In May of 2010 Netflix posted what appeared to be two internal test movies shot around the Netflix headquarters in Los Gatos, CA. Titled Example Short 23.976 and Example Short 24, the films could not be found by simply browsing the Netflix site, but were instead picked up by users of unofficial twitter feeds and websites that update with each new streaming title. At slightly over 11 minutes long, the film features a kind of in-house stock footage intended to demonstrate a variety of audio-visual effects, such as time-lapse and looping. The short film also includes a series of strange, non sequitur scenes featuring a hand running through a fountain, a toy train set running on a loop, a man moonwalking while holding a laptop, the same man running erratically between trees, and finally the man reciting Marullus' speech from Act I, Scene I of Shakespeare's Julius Caesar before shifting to a series of popping and clicking mouth noises. The film ends with a blinking white dot and a series of gridded test patterns.
The films can be difficult to find using the Netflix site, but each version of the movie has its own page and is open to view and review. Much as with the Three Wolf Moon "power animal" t-shirt that gained massive popularity on Amazon.com in 2009, users began rating and reviewing the films sarcastically as artistic works rather than technical footage, praising the symbolism of hand-in-fountain or critiquing the film's "blatant liberal agenda." Other reviewers seem to have missed the punchline, rating the film poorly and demanding an explanation for the film's otherwise glowing reviews. Netflix has subsequently released the short in a variety of forms and at various lengths, in one case looping it for a full eight hours in a version that many viewers compared to Andy Warhol's 1964 film Empire. In another case the film was compiled into "a sample show with many episodes" titled Example TV Mega-series 700, containing exactly 700 episodes.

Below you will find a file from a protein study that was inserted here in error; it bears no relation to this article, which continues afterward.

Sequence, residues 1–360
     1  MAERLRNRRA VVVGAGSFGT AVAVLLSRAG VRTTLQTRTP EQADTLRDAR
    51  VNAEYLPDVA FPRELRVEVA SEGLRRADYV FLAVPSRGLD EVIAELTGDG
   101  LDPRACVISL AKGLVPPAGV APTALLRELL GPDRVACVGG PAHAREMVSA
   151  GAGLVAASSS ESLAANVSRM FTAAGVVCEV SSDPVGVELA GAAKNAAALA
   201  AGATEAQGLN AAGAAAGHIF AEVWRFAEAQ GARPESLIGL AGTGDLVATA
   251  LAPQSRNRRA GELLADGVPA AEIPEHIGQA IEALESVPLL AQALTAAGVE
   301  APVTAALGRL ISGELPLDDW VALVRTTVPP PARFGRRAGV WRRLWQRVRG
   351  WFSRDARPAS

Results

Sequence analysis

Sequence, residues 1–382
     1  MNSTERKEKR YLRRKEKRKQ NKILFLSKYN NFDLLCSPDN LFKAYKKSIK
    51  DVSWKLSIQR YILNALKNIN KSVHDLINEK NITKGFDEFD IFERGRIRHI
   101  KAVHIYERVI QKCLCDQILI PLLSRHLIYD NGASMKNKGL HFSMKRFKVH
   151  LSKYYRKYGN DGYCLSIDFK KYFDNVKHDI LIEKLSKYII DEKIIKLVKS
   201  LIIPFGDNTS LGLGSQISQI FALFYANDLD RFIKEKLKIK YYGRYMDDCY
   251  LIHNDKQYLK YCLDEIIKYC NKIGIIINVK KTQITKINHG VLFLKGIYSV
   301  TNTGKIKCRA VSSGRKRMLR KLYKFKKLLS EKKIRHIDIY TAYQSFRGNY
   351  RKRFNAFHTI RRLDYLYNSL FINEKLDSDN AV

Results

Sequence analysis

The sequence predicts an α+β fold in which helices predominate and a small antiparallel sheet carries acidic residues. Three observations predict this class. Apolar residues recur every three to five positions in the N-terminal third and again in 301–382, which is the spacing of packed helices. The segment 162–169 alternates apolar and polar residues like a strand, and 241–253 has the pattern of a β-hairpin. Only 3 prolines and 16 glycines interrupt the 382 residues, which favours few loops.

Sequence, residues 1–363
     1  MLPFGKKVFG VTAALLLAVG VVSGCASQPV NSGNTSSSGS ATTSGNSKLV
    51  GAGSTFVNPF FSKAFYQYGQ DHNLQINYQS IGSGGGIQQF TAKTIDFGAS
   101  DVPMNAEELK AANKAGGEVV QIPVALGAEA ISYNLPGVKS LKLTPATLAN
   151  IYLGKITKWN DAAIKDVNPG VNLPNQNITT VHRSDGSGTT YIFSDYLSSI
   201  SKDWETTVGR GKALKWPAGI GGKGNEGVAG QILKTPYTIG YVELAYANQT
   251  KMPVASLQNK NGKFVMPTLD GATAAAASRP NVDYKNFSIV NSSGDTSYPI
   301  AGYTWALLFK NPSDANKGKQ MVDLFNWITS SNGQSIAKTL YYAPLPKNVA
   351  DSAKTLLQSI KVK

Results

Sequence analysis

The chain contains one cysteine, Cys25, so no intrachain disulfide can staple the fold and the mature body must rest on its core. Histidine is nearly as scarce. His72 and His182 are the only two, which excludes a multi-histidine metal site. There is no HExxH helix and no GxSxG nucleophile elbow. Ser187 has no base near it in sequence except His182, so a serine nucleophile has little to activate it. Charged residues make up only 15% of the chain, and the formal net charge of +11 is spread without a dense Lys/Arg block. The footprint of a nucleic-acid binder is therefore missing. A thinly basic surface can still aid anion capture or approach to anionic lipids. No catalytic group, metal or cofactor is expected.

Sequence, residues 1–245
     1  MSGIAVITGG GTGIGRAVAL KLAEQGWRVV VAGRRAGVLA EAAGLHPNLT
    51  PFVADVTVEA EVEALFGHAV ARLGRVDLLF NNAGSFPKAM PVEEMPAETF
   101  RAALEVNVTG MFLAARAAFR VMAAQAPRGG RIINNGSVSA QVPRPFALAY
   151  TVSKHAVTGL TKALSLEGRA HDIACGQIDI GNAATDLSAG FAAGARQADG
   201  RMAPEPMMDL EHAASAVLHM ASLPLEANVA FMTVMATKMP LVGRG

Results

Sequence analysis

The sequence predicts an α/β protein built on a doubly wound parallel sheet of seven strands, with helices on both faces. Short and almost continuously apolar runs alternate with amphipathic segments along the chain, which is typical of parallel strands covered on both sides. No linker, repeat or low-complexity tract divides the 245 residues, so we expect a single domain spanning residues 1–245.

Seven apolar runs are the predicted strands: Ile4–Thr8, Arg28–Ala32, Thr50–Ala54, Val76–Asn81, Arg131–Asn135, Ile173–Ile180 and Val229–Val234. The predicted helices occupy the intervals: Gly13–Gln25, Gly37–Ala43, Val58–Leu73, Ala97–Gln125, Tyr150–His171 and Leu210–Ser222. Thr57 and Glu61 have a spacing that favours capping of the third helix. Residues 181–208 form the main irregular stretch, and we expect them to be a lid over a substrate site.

While the reviews are enjoyable by themselves, it's also interesting to see users speculate as to what purpose the videos serve. In some cases the purpose seems obvious: 23.976 and 24 clearly refer to video frame rates, as 24 frames per second is standard for film projection, and when film is transferred to an NTSC television the rate is effectively slowed to 23.976 FPS. But what about the dozen or more permutations that have appeared since these first two films? Perhaps the eight hour epic is intended to test audio synching over long periods of time, or perhaps the Mega-series 700 is intended to test the Netflix interface for the navigability of long-running television series. This kind of user-driven speculative software analysis hints at the processes through which "film" becomes instantly available online streaming video. We've compiled some particularly illuminating reviews below: